CocoaGems gets strange at Strange Loop

Posted on by Karla and Emma

Categories: blog , conferences and student posts

What is Strange Loop?

Strange Loop took place in St. Louis, Missouri. The same county where Ferguson is located. The conference, like the attendees themselves, were anything but conventional. I heard more than a few attendees who described it as a conference with equal amounts of heart and brain. So what makes it so that a conference has head and heart? Speakers who talk about society and about how software affects society – some talked about inclusion, the technical divide, what it means to be a person of color in tech and what we can do about it, and also about cognitive biases. The lightning talks and sessions at Strange Loop were plentiful; by plentiful I mean there was a total of 20 workshops to choose from the day before the conference began, and then there was a total of 36 talks over two days plus 12 evening un-sessions on Friday after day one of the conference. Strange Loop has a wide range of talks, many of them had a inter-disciplinary vibe to them. As an attendee you get exposed to a lot of different languages and techniques.

Team CocoaGems

The pre-party was held at the City Museum. (Photo: CocoaGems)

Take Aways

A main take away from Strange Loop was the great value of connecting computer science with other interests or subjects. Carin Meier played around with building programs in Clojure based on chemical reactions. Since all living organisms information systems are based on chemical processes, there is a lot we can learn from it; by showing the audience demos she wanted to give an eye opener for more innovation and new ways of thinking about computer problems.
Amy Wibowo’s talk was about how she and a group of Airbnb engineers hacked a knitting machine to be computer-controlled so that it could print images in yarn. She and her team learned a great deal of electronics using the problem-solving skills that computer science requires in an engineering day job; by applying these skills to a hobby project, they experienced the joy of being new to something as well as getting yarn print outs.

Team CocoaGems

Carin Meier talks about Chemical Computing. (Photo: CocoaGems)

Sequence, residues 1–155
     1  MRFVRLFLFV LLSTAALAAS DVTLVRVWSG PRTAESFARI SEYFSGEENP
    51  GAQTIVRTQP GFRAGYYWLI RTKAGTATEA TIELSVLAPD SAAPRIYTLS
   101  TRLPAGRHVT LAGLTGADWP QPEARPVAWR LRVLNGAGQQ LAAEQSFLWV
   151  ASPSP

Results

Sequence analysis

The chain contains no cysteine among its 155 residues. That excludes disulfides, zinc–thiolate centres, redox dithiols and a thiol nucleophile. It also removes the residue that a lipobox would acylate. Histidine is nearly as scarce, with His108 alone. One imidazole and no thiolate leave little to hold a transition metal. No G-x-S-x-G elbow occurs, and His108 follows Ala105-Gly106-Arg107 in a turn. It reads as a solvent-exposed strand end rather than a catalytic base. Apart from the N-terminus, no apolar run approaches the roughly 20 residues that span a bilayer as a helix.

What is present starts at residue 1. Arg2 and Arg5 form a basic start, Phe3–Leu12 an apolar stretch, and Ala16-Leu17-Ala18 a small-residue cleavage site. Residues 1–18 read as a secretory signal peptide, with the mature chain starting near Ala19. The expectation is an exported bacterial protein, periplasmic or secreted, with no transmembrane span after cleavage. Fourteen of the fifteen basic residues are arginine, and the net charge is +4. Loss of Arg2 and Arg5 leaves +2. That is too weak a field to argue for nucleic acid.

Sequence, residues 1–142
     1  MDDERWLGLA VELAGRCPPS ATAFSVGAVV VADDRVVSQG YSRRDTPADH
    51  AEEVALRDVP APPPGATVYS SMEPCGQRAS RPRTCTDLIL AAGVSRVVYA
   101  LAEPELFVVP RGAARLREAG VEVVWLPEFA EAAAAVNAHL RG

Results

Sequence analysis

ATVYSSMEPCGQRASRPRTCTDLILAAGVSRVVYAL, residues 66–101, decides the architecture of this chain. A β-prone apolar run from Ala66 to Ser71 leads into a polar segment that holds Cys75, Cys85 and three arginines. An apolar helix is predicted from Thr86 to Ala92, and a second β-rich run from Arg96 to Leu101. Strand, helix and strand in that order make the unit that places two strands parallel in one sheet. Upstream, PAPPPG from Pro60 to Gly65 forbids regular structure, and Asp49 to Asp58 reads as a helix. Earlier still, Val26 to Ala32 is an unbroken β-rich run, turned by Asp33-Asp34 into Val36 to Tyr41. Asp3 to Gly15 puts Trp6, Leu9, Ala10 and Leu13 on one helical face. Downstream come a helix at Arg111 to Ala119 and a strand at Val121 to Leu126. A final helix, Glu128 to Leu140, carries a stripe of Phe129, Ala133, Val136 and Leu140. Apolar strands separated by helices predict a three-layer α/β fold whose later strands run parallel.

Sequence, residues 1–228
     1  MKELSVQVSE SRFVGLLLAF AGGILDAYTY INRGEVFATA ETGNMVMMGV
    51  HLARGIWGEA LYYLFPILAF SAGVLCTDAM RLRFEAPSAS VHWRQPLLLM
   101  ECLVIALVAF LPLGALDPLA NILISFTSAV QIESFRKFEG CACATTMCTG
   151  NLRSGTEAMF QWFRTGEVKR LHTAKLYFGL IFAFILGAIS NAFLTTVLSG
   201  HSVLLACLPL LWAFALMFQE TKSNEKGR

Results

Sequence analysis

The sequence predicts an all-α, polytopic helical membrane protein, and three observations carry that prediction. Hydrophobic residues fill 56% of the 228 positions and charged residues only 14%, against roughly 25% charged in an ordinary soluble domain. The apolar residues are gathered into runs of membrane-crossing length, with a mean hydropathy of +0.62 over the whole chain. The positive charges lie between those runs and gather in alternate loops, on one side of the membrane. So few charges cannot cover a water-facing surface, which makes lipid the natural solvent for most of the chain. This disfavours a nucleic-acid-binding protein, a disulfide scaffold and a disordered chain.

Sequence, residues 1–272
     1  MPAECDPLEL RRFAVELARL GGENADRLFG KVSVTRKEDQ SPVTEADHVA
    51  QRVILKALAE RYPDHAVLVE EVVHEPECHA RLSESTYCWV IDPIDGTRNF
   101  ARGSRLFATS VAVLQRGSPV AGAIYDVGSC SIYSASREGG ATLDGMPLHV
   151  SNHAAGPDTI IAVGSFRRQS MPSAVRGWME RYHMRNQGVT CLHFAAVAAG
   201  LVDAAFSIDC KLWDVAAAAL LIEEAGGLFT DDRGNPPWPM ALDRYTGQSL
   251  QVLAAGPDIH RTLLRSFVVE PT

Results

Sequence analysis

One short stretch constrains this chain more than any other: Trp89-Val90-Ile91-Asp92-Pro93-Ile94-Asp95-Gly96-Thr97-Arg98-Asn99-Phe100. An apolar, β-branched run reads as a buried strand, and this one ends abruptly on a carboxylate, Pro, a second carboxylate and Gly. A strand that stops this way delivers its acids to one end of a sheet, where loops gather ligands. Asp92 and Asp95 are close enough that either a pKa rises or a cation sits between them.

Team CocoaGems

Amy Wibowo shows the yarn print out from the hacked knitting machine. (Photo: CocoaGems)

Favorite Talks

Out of the sessions I attended some of my favorites included Abby Bobe’s Keynote: From Protesting to Programming, Becoming a Tech Activist, Morgan Marquis-Boire’s Security for Humans: Privacy Coercion Resistant Design, and Brian Lile’s, Cognitive Bias: A reflection, Evelina Gabinova’s How Machine Learning helps Cancer, Beating Threads - live coding with real time by Sam Aaron, and No, Really… Robots and JavaScript?! by Raquel Vélez. Morgan Marquis-Boire’s talk was eye opening because it debunked conspiracy theories and proved that many science fictions alluding to a big brother surveillance system are as real as the built-in function SpyCore featured in iOS. Boire’s talk made me and I’m sure many other rethink our loyal attachments to our phones and our trust with all of the personal info we share. As the world goes mobile, he said, so does the surveillance state.

Sam Aaron talked about his invention Sonic Pi which allows him and many more to create music with code live in real time. He created Sonic Pi to teach kids about programming, but the program is really for anyone. We were so inspired that we immediately downloaded it and played with it the same night.

Team CocoaGems

Sam Aaron talks about Sonic Pi. (Photo: CocoaGems)

Team CocoaGems

A group of us playing with Sonic Pi. (Photo: CocoaGems)
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